Architects ONL (Oosterhuis Lénárd) have designed a whale-shaped building between two existing warehouses on the banks of the river Danube in Budapest, Hungary.
The project also involves the renovation of the warehouses, which will be shortened by 20 metres to make way for a new square.
The 27,000 square metre development will be used as a cultural and commercial centre with a large event hall, retail units and catering units; building is due for completion in 2010.
Here's some more information from the architects:
by ONL [Oosterhuis_Lénárd]
CET = Central European Time. CET is also a synonym for a whale. The Mixed Use Development CET at the Kozraktarak site between the Petofi and the Szabadsag Bridge is both.
The CET concept refers to Budapest as an important metropolitan centre in the heart of Central Europe. The CET shape somehow refers to the smooth and friendly streamlined body of a whale. The new CET development has the potential to put Budapest once again on the map of the world. Name and shape of the CET symbolizes its cultural potential and commercial pole position in one of the best preserved cities in the world.
The river Danube fascinates in Budapest for its fast flow on its trajectory downward from the German Schwarzwald to the Black Sea. While the Danube both separates and unites Buda and Pest, the CET aims at re-establishing visual contact at this point between the two sides of the river. Newly planned inviting terraces will visually open the once hermetic Kozraktarak to the Technical University of Budapest and the Gellért Hotel.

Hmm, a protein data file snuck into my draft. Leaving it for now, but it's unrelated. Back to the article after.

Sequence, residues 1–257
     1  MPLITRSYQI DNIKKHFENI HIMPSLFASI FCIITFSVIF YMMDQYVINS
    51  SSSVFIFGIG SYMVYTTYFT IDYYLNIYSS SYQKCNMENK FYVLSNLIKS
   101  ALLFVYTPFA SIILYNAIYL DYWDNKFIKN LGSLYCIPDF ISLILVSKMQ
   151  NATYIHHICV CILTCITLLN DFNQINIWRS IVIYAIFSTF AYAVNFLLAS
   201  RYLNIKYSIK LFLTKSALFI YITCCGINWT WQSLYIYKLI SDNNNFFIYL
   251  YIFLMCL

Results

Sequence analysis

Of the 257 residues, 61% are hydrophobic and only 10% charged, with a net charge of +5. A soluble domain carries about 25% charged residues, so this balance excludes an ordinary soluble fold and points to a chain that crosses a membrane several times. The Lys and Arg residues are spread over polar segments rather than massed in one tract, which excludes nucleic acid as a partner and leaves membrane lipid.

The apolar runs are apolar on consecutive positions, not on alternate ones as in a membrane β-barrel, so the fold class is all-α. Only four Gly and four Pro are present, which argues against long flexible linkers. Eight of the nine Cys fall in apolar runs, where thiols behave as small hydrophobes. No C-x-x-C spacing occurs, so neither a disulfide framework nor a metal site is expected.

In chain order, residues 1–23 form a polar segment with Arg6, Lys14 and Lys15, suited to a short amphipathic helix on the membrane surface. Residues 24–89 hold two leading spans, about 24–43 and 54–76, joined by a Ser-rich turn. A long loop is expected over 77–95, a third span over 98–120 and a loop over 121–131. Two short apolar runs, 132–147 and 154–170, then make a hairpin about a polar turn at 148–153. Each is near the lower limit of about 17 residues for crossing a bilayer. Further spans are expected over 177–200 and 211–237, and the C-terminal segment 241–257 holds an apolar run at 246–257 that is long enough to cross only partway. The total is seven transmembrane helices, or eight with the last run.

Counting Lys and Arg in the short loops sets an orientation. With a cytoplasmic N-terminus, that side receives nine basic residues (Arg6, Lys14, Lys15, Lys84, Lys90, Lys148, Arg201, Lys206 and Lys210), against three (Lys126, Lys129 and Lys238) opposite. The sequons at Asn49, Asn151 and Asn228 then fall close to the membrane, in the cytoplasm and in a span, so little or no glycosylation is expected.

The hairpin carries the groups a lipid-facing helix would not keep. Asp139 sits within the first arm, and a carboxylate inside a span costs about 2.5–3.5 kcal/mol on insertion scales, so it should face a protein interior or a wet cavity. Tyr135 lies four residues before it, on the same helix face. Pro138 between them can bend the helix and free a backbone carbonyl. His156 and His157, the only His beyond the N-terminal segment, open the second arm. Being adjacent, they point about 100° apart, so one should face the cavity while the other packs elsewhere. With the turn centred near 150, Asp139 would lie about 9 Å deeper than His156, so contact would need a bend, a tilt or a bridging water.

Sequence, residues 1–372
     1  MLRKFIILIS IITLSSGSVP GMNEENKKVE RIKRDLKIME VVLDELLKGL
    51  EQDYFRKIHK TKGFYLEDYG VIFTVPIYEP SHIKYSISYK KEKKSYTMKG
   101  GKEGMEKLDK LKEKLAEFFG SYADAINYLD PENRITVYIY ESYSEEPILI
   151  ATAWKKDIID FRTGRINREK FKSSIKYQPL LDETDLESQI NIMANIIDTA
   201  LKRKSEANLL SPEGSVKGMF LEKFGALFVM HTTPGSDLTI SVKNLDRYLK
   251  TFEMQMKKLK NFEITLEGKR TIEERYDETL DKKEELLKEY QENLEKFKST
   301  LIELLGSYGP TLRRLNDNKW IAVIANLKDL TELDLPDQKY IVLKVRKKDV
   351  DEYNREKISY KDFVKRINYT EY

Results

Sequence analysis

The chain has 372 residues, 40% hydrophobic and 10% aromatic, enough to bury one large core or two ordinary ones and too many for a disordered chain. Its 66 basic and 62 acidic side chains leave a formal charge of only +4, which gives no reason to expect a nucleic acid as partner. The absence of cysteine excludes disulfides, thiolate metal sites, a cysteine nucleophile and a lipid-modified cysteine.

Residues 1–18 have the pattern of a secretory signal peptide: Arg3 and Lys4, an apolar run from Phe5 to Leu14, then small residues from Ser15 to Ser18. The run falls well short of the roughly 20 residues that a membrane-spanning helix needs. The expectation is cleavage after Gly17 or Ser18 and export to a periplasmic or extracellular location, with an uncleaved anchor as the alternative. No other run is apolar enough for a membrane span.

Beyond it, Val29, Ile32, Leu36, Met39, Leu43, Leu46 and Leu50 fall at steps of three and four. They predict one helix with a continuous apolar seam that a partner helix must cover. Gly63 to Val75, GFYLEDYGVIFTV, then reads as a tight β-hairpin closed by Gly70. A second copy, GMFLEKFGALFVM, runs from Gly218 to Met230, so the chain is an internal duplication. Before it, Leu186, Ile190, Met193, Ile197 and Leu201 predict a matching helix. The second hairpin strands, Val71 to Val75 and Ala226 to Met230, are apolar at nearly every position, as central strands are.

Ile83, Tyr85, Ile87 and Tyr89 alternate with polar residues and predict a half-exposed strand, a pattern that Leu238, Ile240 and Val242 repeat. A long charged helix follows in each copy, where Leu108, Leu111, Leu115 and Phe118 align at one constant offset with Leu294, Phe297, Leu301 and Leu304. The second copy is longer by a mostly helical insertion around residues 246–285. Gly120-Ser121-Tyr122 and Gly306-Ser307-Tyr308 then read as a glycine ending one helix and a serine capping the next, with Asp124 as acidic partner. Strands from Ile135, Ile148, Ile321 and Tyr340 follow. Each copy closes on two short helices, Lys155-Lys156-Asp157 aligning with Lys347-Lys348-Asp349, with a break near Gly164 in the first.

The body of the CET landmark building is developed along the flow of the Danube. Its architectural and urban expression evolves with the direction of the flow. The CET’s origin stems from the side of the city centre, grows in size between the two parallel existing buildings of the Közraktárak and then culminates at the south side, the side of the National Theatre and the new Cultural Centre MuPa. The striking landmark building represents the state-of-the-art in architectural design and building technology, not unlike the old long ago removed Elevator Building from the 19th Century wherefrom the goods were distributed by rail to the 6 warehouses which originally occupied the banks of the Danube.
Transformation from Old to New. Three of the 6 warehouses are now remaining, and the brief requests to keep at least 60% of the volume intact, while rightfully demanding to take away the first 20m of the 2 warehouses closest to the city to create a small square to improve the connection with the city south of the beautifully renovated Vásárcsarnok. Taking this into consideration, the design team proposes to develop the Közraktárak landmark complex in a smooth transition from old to new. The first two warehouse buildings will be carefully renovated while adjusting the size of the vertical windows as to open up the hermetic nature of the buildings to the Danube, to the interior gallery and reach out to the adjoining district with the successful Ráday utca nearby.
Site: Közraktárak, Budapest
Client: Porto Investment Hungary, Budapest
Total Floor Area: ca. 27000 m2
Design: ONL [Oosterhuis_Lénárd]
Design team: Kas Oosterhuis, Ilona Lénárd, Rafael Seemann, Paulina Gurak, Michael Gorczynski, Lidia Badarnah, Jan Gasparik, Petr Vokal, Marthijn Pool, Attila Bujdosó, Judit Márku, Péter Romvári, Béla Káli
Engineers: MTM, SMG-SISU
- Nameless Architecture adds concrete chur…ch to growing Korean town
- S-AR's Casa Caja is a prototype for low-…cost homes that can be built by their owners
- Torquay House by Wolveridge Architects
- Chit.Chat and Positive.Negative by J. Ma…yer H.
- French village library by Studio 02 Arch…itectes presents a gridded facade of wood and glass
- Faroe Islands Education Centre by BIG an…d Fuglark
- A Room for London by David Kohn and Fion…a Banner
- AV Houses by Corsi Hirano Arquitetos
- Aluminium-clad Rebel House by MONO refle…cts the colours of its surroundings
Sign up for a daily roundup
of all our stories